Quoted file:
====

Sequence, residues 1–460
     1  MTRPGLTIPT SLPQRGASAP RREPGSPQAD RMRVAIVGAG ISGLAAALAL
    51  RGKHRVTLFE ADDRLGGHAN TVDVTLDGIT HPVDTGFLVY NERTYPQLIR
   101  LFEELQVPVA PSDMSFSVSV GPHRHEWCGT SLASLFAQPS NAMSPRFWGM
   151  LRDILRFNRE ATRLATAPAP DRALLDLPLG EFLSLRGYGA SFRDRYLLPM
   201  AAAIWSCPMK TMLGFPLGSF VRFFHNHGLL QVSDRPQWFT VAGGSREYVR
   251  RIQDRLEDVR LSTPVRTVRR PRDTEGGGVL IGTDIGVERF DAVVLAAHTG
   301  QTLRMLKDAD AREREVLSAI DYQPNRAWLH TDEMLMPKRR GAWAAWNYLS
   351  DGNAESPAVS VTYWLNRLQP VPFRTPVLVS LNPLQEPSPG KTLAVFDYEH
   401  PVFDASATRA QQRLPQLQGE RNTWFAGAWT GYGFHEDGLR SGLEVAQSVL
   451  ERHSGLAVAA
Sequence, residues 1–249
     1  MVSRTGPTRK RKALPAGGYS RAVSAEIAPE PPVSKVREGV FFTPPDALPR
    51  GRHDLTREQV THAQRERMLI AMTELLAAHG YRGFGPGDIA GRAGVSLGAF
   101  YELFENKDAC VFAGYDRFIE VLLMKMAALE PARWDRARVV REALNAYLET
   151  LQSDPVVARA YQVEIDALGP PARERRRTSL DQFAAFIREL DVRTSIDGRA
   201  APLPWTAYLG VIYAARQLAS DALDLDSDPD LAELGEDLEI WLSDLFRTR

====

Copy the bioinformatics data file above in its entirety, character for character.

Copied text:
Sequence, residues 1–460
     1  MTRPGLTIPT SLPQRGASAP RREPGSPQAD RMRVAIVGAG ISGLAAALAL
    51  RGKHRVTLFE ADDRLGGHAN TVDVTLDGIT HPVDTGFLVY NERTYPQLIR
   101  LFEELQVPVA PSDMSFSVSV GPHRHEWCGT SLASLFAQPS NAMSPRFWGM
   151  LRDILRFNRE ATRLATAPAP DRALLDLPLG EFLSLRGYGA SFRDRYLLPM
   201  AAAIWSCPMK TMLGFPLGSF VRFFHNHGLL QVSDRPQWFT VAGGSREYVR
   251  RIQDRLEDVR LSTPVRTVRR PRDTEGGGVL IGTDIGVERF DAVVLAAHTG
   301  QTLRMLKDAD AREREVLSAI DYQPNRAWLH TDEMLMPKRR GAWAAWNYLS
   351  DGNAESPAVS VTYWLNRLQP VPFRTPVLVS LNPLQEPSPG KTLAVFDYEH
   401  PVFDASATRA QQRLPQLQGE RNTWFAGAWT GYGFHEDGLR SGLEVAQSVL
   451  ERHSGLAVAA
Sequence, residues 1–249
     1  MVSRTGPTRK RKALPAGGYS RAVSAEIAPE PPVSKVREGV FFTPPDALPR
    51  GRHDLTREQV THAQRERMLI AMTELLAAHG YRGFGPGDIA GRAGVSLGAF
   101  YELFENKDAC VFAGYDRFIE VLLMKMAALE PARWDRARVV REALNAYLET
   151  LQSDPVVARA YQVEIDALGP PARERRRTSL DQFAAFIREL DVRTSIDGRA
   201  APLPWTAYLG VIYAARQLAS DALDLDSDPD LAELGEDLEI WLSDLFRTR